Skip to main content
ALM Special

Ukraine war at year 1: Has Gulf's neutrality on Russia invasion paid off?

Gulf countries — mainly the United Arab Emirates, then Qatar — as well as Turkey have been major recipients of Russian real estate investment in addition to direct financial injections.
Russian President Vladimir Putin meets with United Arab Emirates President Sheikh Mohamed bin Zayed Al-Nahyan in Saint Petersburg on October 11, 2022. (Photo by PAVEL BEDNYAKOV/SPUTNIK/AFP via Getty Images)

DUBAI — Gulf Cooperation Council (GCC) countries took a neutral stance amid Western sanctions placed on Russia for its war on Ukraine starting about one year ago, yet their role has been anything but passive after a chain reaction of events jolted regional economies and further shifted political relationships. 

The Russian invasion of Ukraine on Feb. 24, 2022 initiated snowballing global political and economic effects that have rolled into 2023, with monetary and export sanctions that continue to disrupt global supply chains, and energy market disruptions that significantly affected Middle East markets.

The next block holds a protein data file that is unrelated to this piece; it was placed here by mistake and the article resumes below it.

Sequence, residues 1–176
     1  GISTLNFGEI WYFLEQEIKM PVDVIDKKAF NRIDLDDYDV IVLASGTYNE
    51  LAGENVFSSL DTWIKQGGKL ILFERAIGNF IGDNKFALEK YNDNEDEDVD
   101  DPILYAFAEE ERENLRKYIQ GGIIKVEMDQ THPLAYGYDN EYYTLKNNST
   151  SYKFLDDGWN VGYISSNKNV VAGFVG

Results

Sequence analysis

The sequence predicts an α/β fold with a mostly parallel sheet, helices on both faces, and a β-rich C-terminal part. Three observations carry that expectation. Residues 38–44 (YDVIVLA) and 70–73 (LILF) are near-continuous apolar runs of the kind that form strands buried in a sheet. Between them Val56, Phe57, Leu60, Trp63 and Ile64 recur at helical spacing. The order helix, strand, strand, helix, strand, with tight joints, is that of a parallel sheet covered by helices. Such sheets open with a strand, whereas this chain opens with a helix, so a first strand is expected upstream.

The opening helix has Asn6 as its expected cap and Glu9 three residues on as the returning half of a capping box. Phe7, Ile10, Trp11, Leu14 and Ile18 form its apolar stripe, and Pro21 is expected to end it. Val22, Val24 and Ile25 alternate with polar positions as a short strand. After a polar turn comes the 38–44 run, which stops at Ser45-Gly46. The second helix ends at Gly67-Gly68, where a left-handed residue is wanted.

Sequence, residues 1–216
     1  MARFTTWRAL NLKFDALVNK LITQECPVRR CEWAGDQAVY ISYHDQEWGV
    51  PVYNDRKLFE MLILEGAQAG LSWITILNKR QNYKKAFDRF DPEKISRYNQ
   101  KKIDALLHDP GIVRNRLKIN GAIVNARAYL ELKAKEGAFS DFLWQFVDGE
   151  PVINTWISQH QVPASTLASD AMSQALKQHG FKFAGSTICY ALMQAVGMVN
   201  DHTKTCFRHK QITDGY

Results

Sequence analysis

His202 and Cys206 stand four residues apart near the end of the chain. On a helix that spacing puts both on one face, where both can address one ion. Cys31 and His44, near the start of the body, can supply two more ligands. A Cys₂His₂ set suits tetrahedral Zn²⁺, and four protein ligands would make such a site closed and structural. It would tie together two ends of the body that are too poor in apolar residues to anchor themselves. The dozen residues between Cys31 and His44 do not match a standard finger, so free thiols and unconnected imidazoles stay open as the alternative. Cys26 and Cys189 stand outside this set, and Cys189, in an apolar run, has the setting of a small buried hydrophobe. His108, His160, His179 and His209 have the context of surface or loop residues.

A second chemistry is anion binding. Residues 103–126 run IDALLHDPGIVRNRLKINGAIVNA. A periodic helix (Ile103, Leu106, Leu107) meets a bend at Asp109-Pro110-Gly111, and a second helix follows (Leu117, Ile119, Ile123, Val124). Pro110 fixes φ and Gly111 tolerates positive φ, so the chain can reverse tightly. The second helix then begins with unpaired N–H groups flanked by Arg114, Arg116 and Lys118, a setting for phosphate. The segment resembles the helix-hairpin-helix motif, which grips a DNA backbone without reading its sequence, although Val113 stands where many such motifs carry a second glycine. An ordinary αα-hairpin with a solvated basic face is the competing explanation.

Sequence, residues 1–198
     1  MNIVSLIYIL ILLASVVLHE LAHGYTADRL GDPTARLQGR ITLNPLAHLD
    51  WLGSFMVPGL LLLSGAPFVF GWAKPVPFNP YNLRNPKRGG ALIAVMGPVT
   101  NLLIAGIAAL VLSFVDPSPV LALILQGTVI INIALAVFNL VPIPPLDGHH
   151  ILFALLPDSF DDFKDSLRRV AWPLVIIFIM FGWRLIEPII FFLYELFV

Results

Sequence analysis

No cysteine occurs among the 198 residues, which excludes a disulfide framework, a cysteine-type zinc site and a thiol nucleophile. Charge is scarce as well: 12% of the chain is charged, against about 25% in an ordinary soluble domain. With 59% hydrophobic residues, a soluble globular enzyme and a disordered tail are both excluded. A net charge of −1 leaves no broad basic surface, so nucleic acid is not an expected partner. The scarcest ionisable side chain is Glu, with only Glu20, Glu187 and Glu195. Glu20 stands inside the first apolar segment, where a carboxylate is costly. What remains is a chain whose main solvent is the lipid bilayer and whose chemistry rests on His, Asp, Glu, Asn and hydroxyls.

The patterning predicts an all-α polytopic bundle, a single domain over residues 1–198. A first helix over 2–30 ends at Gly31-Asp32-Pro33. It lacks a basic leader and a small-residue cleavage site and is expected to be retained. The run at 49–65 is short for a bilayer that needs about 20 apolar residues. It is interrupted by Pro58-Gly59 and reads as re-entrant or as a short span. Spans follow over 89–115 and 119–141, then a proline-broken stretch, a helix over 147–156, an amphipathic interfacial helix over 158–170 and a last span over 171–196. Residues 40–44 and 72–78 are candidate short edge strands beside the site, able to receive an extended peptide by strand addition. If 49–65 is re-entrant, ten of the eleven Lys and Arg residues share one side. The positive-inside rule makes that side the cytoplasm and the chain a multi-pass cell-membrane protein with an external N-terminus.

The region’s mostly impartial position gave it economic and also political opportunities. It allowed the United Arab Emirates (UAE) and Saudi Arabia to take on the role of negotiator between the United States and Russia for the exchange of two prisoners in December, according to the UAE’s government news agency, and benefit from relationships with both countries.

Abu Dhabi and Riyadh facilitated the prisoner exchange between the United States and Russia in December, leading to the release of US basketball star Brittney Griner after nearly nine months in detention. In return, the United States released Russian arms dealer Viktor Bout. 

Access the Middle East news and analysis you can trust

Join our community of Middle East readers to experience all of Al-Monitor, including 24/7 news, analyses, memos, reports and newsletters.


Only $100 per year.